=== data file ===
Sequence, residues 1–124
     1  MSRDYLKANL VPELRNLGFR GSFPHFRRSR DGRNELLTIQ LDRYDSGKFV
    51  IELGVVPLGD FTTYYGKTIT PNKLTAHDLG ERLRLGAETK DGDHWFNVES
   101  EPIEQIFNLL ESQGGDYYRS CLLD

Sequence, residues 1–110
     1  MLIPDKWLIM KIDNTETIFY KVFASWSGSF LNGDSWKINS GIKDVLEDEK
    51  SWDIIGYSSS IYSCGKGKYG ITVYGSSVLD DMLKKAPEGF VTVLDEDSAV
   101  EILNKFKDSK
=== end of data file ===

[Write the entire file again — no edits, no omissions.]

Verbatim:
Sequence, residues 1–124
     1  MSRDYLKANL VPELRNLGFR GSFPHFRRSR DGRNELLTIQ LDRYDSGKFV
    51  IELGVVPLGD FTTYYGKTIT PNKLTAHDLG ERLRLGAETK DGDHWFNVES
   101  EPIEQIFNLL ESQGGDYYRS CLLD

Sequence, residues 1–110
     1  MLIPDKWLIM KIDNTETIFY KVFASWSGSF LNGDSWKINS GIKDVLEDEK
    51  SWDIIGYSSS IYSCGKGKYG ITVYGSSVLD DMLKKAPEGF VTVLDEDSAV
   101  EILNKFKDSK